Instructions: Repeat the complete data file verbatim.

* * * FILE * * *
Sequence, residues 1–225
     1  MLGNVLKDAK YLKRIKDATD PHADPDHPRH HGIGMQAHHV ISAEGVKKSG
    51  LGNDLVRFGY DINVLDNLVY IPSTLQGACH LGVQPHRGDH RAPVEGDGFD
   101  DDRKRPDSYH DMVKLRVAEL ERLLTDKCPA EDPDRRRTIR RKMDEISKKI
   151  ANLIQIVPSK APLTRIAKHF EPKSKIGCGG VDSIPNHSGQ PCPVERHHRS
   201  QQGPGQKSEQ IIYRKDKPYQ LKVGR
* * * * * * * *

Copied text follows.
Sequence, residues 1–225
     1  MLGNVLKDAK YLKRIKDATD PHADPDHPRH HGIGMQAHHV ISAEGVKKSG
    51  LGNDLVRFGY DINVLDNLVY IPSTLQGACH LGVQPHRGDH RAPVEGDGFD
   101  DDRKRPDSYH DMVKLRVAEL ERLLTDKCPA EDPDRRRTIR RKMDEISKKI
   151  ANLIQIVPSK APLTRIAKHF EPKSKIGCGG VDSIPNHSGQ PCPVERHHRS
   201  QQGPGQKSEQ IIYRKDKPYQ LKVGR